Elon Musk changed Twitter’s bird logo to an X. He’s trying to make the billionaire’s platform more like his.
Musk bought Twitter last year and touted his “everything” app, X. This program lets users speak, shop, have fun, and do other things simultaneously. In a pre-takeover discussion with Twitter staff, Musk compared Twitter to WeChat. WeChat is so simple and helpful that users spend most of their time on it.
Musk established X.com in 1999. Over time, it became the popular PayPal.
Since buying the social network for $44 billion, Musk’s big intentions have become riskier. Changing Twitter’s name to create a “super app” is hazardous.
Twitter has a long way to go before it can compete with WeChat’s many services, despite Musk’s grandiose aspirations. WeChat is great for shopping, yoga, bill payments, and talking with friends. Money and competition are significant difficulties right now. Growing significantly would create further challenges. Because previous platforms that provide shopping have failed, it is unclear how many people outside China desire a super app like this.
Forrester’s research vice president, Mike Proulx, cautioned that Musk’s proposal would take time, money, and people to implement. Twitter may lose these vital assets, putting it in a precarious position.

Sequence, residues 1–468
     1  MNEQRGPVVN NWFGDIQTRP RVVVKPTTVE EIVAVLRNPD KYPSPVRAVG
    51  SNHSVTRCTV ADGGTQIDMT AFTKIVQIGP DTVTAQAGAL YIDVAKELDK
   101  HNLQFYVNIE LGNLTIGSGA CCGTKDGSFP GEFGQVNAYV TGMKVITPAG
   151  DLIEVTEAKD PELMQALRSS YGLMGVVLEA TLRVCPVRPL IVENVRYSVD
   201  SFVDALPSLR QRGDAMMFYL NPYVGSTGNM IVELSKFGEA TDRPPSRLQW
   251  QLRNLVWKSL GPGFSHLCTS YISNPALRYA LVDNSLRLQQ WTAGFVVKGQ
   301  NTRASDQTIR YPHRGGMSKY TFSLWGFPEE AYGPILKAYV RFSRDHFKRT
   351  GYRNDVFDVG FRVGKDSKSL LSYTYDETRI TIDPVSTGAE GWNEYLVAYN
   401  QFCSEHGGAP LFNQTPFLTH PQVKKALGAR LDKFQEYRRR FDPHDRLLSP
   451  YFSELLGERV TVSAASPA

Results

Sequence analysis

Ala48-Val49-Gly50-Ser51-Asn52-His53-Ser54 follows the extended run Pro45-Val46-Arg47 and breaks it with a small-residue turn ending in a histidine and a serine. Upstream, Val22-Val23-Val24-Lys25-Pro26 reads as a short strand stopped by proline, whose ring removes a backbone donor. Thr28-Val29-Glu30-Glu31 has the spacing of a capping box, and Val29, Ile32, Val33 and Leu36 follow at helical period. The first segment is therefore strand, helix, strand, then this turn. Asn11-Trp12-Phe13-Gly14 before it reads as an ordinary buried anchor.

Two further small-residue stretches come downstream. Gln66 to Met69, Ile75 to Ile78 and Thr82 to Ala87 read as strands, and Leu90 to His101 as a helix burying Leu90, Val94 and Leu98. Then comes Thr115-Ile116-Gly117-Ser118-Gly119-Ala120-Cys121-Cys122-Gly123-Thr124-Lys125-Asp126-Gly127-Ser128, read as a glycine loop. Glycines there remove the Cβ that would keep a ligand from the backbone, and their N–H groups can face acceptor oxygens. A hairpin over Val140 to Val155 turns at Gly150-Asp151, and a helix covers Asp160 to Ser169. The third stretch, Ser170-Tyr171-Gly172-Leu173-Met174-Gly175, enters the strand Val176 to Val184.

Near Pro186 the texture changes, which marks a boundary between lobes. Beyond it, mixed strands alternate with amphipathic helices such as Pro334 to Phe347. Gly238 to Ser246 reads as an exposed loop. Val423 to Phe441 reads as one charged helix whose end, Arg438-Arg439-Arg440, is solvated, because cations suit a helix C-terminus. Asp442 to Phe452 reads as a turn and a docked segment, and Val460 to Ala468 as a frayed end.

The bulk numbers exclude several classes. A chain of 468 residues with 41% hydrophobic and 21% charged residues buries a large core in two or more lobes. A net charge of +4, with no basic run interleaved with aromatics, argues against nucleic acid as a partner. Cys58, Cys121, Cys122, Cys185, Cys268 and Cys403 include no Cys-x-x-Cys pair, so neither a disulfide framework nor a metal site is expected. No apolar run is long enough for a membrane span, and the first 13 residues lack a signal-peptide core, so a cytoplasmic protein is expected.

Twitter is adapting to X. Musk claimed PayPal returned X.com, which now leads customers to the site. Twitter’s website altered the bird symbol to a stylish X. Musk joked about calling tweets “x’s.”
Twitter CEO Linda Yaccarino shared Musk’s goal. She claimed X is the future’s best method to connect. It will provide voice, video, text, and money. This will provide a global platform for ideas, sales, services, and possibilities.
Walter Isaacson, a prominent technology journalist who penned Musk’s biography, indicated that Musk hoped to utilize Twitter to make X.com a reality before the business purchased it. Musk said the platform’s name seemed reasonable since it enabled 140-character communications, like birds—Twitter’s significant change. Twitter now allows long films and other material. Thus, “fits” no longer applies.
Twitter Payments, their payments company, has a long way to go. They have money-moving permits in several US jurisdictions, but Musk has more to do. 80% of employees were sacked, and a few regulation changes have sparked a lot of conflicts. Meta’s Threads app, which started strong but has stalled, may also compete.
Musk needs help to design a multitasking app. Deloitte found that Western markets need help to replicate WeChat’s success. Digital payments and ride-hailing services are hard to combine since many experienced competitors exist.
Facebook’s digital money and payment system failed. Instagram and TikTok also scaled down e-commerce. These examples show how hard it is to copy WeChat.
Some businesspeople think leaving Twitter’s iconic brand is dangerous unless Musk makes significant adjustments. If the makeover provides nothing new, it may look eager to get attention. Since Meta’s Threads began, time appears crucial, and we don’t know what this choice means